AS Israeli troops pulled back from south Lebanon over the weekend and calm returned to northern Israel after repeated barrages of Katyusha rockets, a worrying question hung over the area: How long would the tranquillity last?
Israel's threatening military buildup on the border last week was sufficient to persuade the Islamic fundamentalist militants of the Hizbullah, or Party of God, to stop rocketing Israeli towns and villages. "But even if the message was understood this time, who knows if it will be next time?" wonders former government spokesman Yossi Olmert.
And the withdrawal of the tanks underlined the Israelis' dilemma. "The most powerful armies are sometimes inherently helpless in confronting small, evasive terrorist groups like Hizbullah," in the words of retired Gen. Aharon Levran.
Hizbullah's second wave of rocket attacks in as many weeks on northern Israeli towns and villages, although causing no casualties, has prompted calls by the opposition here for decisive military retaliation. Quiet for now
But Prime Minister Yitzhak Rabin restricted himself to a highly publicized concentration of Israeli troops and air and artillery strikes against Hizbullah. The rockets stopped falling, Hizbullah guerrillas went underground, schools reopened in Israeli towns such as Kiryat Shmona and Metulla, and the Israeli troops went home. Until the next round.
The irony of a few hundred guerrillas with primitive rockets confounding the Middle East's most powerful army is not lost on Israeli planners. But their options are limited.
The Katyushas themselves are easily carried and easily fired: It is almost impossible to catch the gunners in the act, and they operate out of their homes in villages where they enjoy considerable public support. "They are irregulars, easily mobile and easy to blend into the local background," points out Dore Gold, an analyst at the Jaffee Center for Strategic Studies.
This has prompted some prominent Israeli voices, such as former Defense Minister Ariel Sharon, to demand an extension of Israel's self-declared "security zone" in southern Lebanon. Israeli troops and their allied Lebanese militia should occupy all Lebanese territory up to the Litani River, he proposes, putting Hizbullah's Katyushas out of range of Israel.
But aside from the international uproar such a move would provoke, it would also engender increased security problems, analysts here point out, since it would increase the number of mainly Shiite Lebanese under Israeli control from 200,000 to nearer half a million.
Demanding that the Lebanese government control Hizbullah, officials here say, is pointless, since the fragile authorities in Beirut are powerless to do so. And even if they were not, Lebanese Foreign Minister Faris Bouez insisted last week that "the Lebanese state cannot ask any Lebanese citizen to give in to the [Israeli] occupation. The rejection of this occupation using any means is a legitimate right." Turning to Syria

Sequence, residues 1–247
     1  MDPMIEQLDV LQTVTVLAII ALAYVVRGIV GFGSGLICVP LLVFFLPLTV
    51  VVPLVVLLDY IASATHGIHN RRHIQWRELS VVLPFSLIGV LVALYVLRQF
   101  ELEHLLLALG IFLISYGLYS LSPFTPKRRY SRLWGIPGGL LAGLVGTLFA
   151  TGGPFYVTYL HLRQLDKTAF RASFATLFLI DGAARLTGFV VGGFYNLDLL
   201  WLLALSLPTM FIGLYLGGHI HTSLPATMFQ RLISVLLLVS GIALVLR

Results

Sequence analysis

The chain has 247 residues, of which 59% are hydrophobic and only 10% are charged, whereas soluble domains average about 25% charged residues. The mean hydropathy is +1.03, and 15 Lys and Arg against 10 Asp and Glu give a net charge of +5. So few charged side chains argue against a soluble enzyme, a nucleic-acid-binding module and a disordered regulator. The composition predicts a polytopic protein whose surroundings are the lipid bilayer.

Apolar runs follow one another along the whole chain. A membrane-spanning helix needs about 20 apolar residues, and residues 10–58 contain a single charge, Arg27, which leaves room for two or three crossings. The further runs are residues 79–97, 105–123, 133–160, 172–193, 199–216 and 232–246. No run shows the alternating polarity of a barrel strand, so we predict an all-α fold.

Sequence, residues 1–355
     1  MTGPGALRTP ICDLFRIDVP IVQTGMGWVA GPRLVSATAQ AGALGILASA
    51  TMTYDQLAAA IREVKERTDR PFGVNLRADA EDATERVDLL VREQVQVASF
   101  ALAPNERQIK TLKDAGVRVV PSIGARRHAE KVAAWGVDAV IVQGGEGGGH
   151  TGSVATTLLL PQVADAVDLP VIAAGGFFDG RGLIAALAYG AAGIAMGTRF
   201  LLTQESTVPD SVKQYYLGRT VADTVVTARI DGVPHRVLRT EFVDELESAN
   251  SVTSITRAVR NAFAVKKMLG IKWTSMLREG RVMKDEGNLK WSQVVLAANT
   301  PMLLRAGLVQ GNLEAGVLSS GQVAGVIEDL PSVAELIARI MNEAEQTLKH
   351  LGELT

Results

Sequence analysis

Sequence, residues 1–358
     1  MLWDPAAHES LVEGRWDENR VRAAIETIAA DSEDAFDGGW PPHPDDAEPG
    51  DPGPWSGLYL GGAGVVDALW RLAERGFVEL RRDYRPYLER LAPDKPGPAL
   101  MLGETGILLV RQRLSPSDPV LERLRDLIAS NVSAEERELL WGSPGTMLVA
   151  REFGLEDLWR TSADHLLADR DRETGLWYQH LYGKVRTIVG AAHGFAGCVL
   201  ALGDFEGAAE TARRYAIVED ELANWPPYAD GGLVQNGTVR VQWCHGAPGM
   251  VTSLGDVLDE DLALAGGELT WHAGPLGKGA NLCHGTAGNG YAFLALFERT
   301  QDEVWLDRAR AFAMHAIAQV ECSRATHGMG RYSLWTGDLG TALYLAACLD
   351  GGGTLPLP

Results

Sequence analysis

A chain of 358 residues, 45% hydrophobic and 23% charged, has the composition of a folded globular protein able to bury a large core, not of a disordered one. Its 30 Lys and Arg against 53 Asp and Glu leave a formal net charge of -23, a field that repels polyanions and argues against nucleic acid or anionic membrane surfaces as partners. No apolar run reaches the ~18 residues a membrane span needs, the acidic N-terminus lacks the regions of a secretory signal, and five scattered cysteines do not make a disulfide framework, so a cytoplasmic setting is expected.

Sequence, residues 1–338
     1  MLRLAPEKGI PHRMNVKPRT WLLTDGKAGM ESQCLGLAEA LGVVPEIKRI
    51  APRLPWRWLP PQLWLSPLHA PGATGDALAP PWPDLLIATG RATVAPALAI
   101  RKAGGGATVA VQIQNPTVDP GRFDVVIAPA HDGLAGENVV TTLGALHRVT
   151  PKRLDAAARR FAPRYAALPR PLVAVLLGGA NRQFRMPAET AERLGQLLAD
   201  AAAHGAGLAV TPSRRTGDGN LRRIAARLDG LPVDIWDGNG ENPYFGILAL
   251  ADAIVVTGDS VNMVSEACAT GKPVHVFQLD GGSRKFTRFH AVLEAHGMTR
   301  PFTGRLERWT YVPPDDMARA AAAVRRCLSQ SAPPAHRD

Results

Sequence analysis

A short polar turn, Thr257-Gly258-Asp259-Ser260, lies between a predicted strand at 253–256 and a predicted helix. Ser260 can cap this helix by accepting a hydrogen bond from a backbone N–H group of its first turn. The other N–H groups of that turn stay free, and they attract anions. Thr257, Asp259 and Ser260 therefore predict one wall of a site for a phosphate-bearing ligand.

Asking Iran, which funds and directs Hizbullah, to control its guerrillas would be equally pointless, and there is nothing Israel could do to force Tehran to bring its fighters to heel.
"The address to which we can direct our influence," says General Levran, "is Syria," whose troops control the Bekaa Valley in Lebanon where Hizbullah's bases are located.
Israeli officials have made it plain to Damascus that they expect President Hafez al-Assad to rein in Hizbullah, seeing as how their arms are transported through Syria and their bases are next to Syrian ones in Lebanon.
That he has not done so, argues Levran, suggests that Israel should "start hitting Hizbullah targets ... in the Bekaa, with all the risks of a direct flare-up with the Syrians themselves" if Damascus felt threatened.
Those risks would be great in a large-scale ground operation, where it would be hard for Israeli troops to avoid engaging Syrian forces. But they might be minimized, Dr. Olmert and others suggest, by smaller, more carefully pinpointed assaults against particular targets.
Though the Syrians have responded to Israel's protests by disclaiming any responsibility for protecting the Jewish state, "if they felt they were on the verge of a major flare-up, they would change their minds," Levran predicts. "Bombing Hizbullah in the Bekaa might send a message to the Syrians that Israel is running out of patience."
Whether Israel's Labor government, which has made the peace process central to its platform, would be prepared to risk a fight with the Syrians, however, is unclear. Its behavior so far indicates that Mr. Rabin is doing everything he can to avoid any escalation of the violence in the region, and that he is only too aware of the risks involved in any attempt to be decisive.
Rabin has also been adamant in his refusal to link events on the ground with the peace talks in Washington, rejecting calls to pull out of the talks until Syria and Lebanon put an end to Hizbullah's attacks. To do so, officials here argue, would be to hand Hizbullah on a plate the power to sabotage the peace negotiations - one of the fundamentalists' goals.
Even if the government does choose to take firmer action, "there could be no guarantee there would never be any more Katyushas," Olmert says. "Even doing all the right things will not give us total satisfaction."